1. Heat 2 tbsp. chopped beeswax in a double boiler until melted. Remove from heat. Slowly pour 1/3 cup olive oil into melted beeswax and stir until mixed.

2. Mix 2 tsp. Aloe Vera gel with 4 drops of Peppermint essential oil. Add to oil mixture and stir continuously to mix.

3. Pour cooled mixture into a clean container with a lid. Tightly seal.

HAIR: Clarifying Hair Rinse

Salty ocean water and heavily chlorinated pool water can wreak havoc on your hair. Using this rinse after shampooing will help to eliminate chemical buildup.

1. Mix 1 cup Distilled Water with 1/3 cup Apple Cider vinegar.

2. Add 4 drops Peppermint essential oil to 2 tbsp. Witch Hazel and stir to mix. Add to Distilled Water and Apple Cider vinegar.

3. Pour rinse over newly shampooed hair. Massage into hair and scalp, then rinse clean with tepid water.

Get to Know Aloe: 10 Interesting Facts about Aloe Vera Gel

1. The Aloe Vera plant is a member of the lily family, and its thick gel contains 20 minerals, 18 amino acids and 12 vitamins.

2. Throughout history, Aloe Vera gel has been used to treat a variety of ailments, including boils, itchy skin, ulcers and bruises.

3. The gel of older (therefore, larger) Aloe Vera plants is more effective than that of "baby" plants.

4. Aloe Vera plants have large, yellow flowers. The spiky leaves can grow up to 20 inches on a fully mature plant.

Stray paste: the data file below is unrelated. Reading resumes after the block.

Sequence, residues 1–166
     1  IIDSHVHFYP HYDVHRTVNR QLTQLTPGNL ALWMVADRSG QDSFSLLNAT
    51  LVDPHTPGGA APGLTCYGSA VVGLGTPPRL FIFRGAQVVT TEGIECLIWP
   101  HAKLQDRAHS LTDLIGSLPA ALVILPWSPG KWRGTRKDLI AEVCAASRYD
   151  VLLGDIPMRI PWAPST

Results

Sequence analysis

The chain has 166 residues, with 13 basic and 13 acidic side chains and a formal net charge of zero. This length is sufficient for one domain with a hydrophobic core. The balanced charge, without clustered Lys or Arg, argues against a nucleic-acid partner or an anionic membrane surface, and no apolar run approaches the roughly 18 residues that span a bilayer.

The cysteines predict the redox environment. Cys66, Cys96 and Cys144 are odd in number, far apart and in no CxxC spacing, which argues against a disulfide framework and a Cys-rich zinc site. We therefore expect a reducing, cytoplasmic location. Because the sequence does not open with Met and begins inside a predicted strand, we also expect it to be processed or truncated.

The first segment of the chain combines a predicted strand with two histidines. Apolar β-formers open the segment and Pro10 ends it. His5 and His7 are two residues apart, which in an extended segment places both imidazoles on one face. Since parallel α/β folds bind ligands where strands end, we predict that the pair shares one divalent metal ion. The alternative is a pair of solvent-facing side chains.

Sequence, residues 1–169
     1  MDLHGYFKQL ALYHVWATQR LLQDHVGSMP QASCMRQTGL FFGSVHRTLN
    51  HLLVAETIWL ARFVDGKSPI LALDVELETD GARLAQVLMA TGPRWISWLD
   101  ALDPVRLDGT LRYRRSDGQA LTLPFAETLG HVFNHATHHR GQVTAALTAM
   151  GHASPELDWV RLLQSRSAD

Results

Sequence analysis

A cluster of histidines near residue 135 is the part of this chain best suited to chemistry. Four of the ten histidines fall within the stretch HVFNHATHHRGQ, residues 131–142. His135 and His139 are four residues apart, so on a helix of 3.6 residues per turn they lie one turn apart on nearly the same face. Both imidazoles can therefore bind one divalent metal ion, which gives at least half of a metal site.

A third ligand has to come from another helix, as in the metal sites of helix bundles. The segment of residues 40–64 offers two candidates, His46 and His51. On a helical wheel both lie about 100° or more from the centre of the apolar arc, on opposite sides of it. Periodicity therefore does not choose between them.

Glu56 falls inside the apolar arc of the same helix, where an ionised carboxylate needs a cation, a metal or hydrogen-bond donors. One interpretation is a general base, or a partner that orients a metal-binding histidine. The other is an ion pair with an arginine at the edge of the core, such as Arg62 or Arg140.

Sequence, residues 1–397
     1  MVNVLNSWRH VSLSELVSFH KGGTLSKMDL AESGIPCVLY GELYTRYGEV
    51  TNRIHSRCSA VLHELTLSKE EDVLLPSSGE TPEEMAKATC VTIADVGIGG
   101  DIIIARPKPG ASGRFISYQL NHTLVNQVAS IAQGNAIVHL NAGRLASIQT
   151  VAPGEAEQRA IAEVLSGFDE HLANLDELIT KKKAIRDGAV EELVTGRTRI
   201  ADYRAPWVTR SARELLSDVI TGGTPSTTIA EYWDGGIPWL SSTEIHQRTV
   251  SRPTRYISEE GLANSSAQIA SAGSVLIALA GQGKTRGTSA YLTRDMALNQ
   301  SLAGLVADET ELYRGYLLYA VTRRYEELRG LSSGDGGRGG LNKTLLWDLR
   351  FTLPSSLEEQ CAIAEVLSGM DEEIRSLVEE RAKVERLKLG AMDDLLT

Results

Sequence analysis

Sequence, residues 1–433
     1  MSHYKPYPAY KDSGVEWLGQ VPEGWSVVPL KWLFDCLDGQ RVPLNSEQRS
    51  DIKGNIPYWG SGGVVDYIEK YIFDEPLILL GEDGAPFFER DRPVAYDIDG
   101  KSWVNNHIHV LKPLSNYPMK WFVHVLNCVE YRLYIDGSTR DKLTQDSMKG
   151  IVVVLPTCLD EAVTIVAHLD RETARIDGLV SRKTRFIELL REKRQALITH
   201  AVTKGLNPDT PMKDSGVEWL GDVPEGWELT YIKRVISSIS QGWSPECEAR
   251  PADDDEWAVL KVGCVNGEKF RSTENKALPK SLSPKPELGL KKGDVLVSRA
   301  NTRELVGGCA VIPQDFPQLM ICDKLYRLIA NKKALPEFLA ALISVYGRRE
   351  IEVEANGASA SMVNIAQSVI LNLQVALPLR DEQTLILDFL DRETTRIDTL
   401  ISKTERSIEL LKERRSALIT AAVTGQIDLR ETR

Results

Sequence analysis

5. To use the thick gel from an Aloe Vera leaf, slice it open with a sharp knife. Then, either apply the gel directly to burned skin or, using a small spoon, scrape the gel into a small container and store in the refrigerator for up to 5 days.

6. When selecting an Aloe Vera leaf to use, choose one closest to the soil. This leaf will probably be a larger one and will be deeper in color.

7. Aloe Vera plants should not be kept in direct sunlight. This plant grows best when kept near a window that gets indirect light.

8. It is important not to overwater your Aloe Vera plant. Make sure it dries out between each watering.

9. The roots of Aloe Vera plants can rot, if left in standing water. When choosing a pot for your plant, make sure you pick one with a large draining hole.

10. Because it can be astringent, make sure to moisturize the skin after using Aloe Vera gel. Or, mix the gel with Vitamin E oil for a skin-soothing treat.

Emily Ray is a freelance writer in Atlanta, GA. She has been creating natural beauty products for 5 years, and is currently studying to become a registered practitioner of Aromatherapy. Have a beauty question you'd like answered in this new column? Feel free to contact Emily at askemily@newlifejournalcom.
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Article Details
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Title Annotation:Ask Emily
Author:Ray, Emily
Publication:New Life Journal
Date:Jun 1, 2003
Words:1029
Previous Article:Plantain: first aid in your backyard: discover the saving grace of this common weed with herbalist Corinna Wood.
Next Article:The spices of life: herbalist Dianna Lee shares ways to let your food be your medicine.